Realism in the Asian Pacific

Realism, constructivism and critical theories have the divergent explanation for the current security issues in the Asian Pacific. International relations perspectives are conditional, and they can be considered as natural hypotheses that are assumed. They need to be checked against the reality as the facts of life unfold. A rational perspective should be adjustable to dynamic circumstances, and it allows the society to continuously fine-tune its understanding of the dynamic world around it. Various schools of thought aim to determine or predict economic, political and other social factors that affect societal life (Pervez 2012, p.21).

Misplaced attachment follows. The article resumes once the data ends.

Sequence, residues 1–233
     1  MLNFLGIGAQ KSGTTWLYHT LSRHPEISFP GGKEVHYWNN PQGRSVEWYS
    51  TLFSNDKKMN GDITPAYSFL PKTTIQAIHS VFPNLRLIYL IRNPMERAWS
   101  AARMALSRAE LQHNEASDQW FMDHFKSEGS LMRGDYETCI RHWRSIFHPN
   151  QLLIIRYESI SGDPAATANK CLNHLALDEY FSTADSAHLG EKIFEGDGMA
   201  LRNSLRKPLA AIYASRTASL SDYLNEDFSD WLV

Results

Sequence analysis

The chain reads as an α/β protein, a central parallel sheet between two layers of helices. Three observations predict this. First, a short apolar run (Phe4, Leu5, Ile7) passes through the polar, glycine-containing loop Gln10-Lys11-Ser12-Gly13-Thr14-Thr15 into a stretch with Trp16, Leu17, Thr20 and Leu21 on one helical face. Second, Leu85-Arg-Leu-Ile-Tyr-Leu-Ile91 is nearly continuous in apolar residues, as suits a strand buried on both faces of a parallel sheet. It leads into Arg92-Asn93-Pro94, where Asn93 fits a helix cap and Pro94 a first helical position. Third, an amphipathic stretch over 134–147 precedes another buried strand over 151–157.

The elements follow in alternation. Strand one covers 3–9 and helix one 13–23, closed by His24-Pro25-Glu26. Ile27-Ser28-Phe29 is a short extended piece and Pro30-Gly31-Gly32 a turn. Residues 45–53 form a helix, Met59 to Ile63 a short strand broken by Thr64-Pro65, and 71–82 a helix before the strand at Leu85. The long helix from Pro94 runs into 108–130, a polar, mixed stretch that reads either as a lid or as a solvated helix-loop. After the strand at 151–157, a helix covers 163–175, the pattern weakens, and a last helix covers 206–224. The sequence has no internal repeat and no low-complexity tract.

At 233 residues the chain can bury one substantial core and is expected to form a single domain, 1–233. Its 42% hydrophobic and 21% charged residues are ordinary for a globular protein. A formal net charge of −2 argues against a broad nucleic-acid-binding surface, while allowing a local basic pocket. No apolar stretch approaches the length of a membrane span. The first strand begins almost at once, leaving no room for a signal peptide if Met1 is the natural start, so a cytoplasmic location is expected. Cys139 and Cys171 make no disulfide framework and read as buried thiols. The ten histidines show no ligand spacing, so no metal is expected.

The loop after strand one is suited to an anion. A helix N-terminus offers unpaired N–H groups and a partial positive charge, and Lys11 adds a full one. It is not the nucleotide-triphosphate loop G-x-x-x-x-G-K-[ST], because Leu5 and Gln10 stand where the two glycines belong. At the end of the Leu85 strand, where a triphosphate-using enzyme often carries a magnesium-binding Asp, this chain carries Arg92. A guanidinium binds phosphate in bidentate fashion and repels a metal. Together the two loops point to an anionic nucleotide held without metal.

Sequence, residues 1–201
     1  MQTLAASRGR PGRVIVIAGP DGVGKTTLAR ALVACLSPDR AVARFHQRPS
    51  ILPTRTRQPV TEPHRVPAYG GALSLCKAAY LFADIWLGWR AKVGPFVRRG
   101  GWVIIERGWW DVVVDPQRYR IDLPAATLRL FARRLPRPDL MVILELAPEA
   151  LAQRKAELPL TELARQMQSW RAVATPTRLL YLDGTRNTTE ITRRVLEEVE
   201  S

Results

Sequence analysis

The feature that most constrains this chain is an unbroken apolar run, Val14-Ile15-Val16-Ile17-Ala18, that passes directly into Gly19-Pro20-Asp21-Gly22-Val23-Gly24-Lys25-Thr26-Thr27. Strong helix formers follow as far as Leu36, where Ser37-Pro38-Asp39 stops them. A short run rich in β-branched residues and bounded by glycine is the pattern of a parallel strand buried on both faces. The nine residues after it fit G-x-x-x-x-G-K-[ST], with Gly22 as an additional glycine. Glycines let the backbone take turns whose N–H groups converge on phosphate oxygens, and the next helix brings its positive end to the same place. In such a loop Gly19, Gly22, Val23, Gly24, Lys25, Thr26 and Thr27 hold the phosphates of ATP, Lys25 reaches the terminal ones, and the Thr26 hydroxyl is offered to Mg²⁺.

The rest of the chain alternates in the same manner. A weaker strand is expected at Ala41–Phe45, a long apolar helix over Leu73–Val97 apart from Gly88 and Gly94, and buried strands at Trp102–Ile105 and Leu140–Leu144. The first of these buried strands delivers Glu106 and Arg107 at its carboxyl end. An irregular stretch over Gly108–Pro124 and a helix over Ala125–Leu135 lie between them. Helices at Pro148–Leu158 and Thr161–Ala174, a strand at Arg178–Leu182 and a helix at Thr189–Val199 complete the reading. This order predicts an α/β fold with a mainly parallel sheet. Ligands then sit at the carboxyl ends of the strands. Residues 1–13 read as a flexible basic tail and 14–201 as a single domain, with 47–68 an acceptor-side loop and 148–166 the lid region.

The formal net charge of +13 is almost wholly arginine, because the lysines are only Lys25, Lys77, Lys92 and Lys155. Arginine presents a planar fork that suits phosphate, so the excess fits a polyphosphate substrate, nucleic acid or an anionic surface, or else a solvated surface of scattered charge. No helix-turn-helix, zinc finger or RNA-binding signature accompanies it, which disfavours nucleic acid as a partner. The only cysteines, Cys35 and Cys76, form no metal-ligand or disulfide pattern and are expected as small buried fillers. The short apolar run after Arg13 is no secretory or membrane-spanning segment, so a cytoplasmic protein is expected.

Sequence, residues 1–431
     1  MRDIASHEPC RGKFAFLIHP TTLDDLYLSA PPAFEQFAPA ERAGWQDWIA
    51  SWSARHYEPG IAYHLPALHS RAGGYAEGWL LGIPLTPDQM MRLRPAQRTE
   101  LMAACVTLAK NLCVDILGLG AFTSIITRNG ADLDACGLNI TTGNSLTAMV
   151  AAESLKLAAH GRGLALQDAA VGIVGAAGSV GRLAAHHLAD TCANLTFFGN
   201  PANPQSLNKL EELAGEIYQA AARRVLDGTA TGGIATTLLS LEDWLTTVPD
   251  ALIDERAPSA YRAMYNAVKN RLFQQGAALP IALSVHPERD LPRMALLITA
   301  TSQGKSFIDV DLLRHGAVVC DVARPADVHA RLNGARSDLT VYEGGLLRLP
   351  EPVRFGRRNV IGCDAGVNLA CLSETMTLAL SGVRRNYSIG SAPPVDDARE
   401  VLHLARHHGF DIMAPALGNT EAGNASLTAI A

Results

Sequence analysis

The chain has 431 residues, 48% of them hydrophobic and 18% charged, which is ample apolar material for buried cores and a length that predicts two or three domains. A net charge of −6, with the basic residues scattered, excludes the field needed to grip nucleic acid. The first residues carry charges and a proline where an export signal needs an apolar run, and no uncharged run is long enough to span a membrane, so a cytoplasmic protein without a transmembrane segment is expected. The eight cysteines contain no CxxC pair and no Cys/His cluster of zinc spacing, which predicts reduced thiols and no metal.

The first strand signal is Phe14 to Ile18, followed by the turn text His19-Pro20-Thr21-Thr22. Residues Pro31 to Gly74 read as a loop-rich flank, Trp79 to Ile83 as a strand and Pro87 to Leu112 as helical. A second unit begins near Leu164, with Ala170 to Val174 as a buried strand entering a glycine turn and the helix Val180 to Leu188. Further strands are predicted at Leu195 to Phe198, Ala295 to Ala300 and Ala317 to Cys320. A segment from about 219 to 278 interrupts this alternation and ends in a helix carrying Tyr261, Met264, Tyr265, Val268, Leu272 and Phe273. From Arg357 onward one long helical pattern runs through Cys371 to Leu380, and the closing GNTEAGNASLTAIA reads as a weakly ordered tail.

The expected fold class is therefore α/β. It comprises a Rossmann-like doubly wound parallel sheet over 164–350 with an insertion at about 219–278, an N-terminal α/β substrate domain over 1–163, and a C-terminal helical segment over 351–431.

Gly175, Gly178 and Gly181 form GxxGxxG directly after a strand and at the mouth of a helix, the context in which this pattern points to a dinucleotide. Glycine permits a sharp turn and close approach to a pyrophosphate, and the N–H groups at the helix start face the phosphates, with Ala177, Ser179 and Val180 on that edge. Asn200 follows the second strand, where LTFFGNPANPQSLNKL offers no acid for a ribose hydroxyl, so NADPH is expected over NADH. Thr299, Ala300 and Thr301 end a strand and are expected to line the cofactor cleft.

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All the three theories may resolve the security issues in Asia. However, constructivism and criticism may cause more problems rather than resolve security issues. One of the major reasons for this is that the Asian Pacific is the largest, most populated, and potentially the wealthiest region in the world. Another reason that may support this idea is the fact that Asians still hold tightly to their culture and traditional institutions. In fact, they are now reconciling their origins and identities with the existing modernization experience. They are also adopting regionally distinct ideas to confront the pressure caused by global change. Moreover, the economic success of the region and the strategic destiny will actually depend on how effective the approach will be. Political realism was overriding globally, with the principal concern being security and power control. After the Cold War period, tranquility and peace among nations was attained through diplomacy (Horowitz 2003, p. 49).